When we first sampled this tea, we just had to include it in a monthly box. It is featured in the March Light and Mixed subscription boxes. This tea comes from the Anhui Province of China and is produced using only the very tender buds, which are pan fried by hand. After the frying, it undergoes the extra characteristic step of slight oxidation to produce this very special tea. Huoshan Huangya has a large green leaf with a shiny appearance, similar to Mao Feng green tea from the same region. The liquor that the leaves produce is a pale yellow-green colour with a light, but long lasting, satisfying and complex flavour.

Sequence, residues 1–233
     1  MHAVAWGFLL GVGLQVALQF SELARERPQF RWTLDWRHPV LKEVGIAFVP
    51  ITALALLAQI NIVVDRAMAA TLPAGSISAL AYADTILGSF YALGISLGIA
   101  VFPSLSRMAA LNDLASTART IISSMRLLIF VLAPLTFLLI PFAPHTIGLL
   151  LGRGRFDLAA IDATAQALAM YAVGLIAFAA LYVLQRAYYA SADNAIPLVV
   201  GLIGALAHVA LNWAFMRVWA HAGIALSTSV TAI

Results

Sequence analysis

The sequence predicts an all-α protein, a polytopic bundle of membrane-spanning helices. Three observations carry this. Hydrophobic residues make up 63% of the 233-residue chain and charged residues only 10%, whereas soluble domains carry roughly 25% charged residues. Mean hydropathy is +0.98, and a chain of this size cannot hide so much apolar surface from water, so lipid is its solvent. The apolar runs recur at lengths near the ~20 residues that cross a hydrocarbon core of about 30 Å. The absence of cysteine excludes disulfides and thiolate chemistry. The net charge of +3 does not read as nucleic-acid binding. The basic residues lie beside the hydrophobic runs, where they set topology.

This tea is best brewed with at 80c for 3-5 minutes. You can use glass teaware to enjoy those gorgeous green leaves during brewing. Brew multiple times and savour the complexities of this tea from each steep.
Lelsa Pai Mu Tan
This is a very unusual selection from Kenya, a white Lelsa Pai Mu Tan. We believe that it is important to explore some other tea producing regions around the world and we decided to start with Kenya. Kenya is normally associated with production of tea that ultimately ends up in tea bags using CTC processing (Cut, Tear and Curl). But there are also some estates in Kenya that produce high quality tea using orthodox methods of tea production. Lelsa tea estate is located in the Kericho district east of the rift valley and is particularly famous for the white teas that are produced on the estate.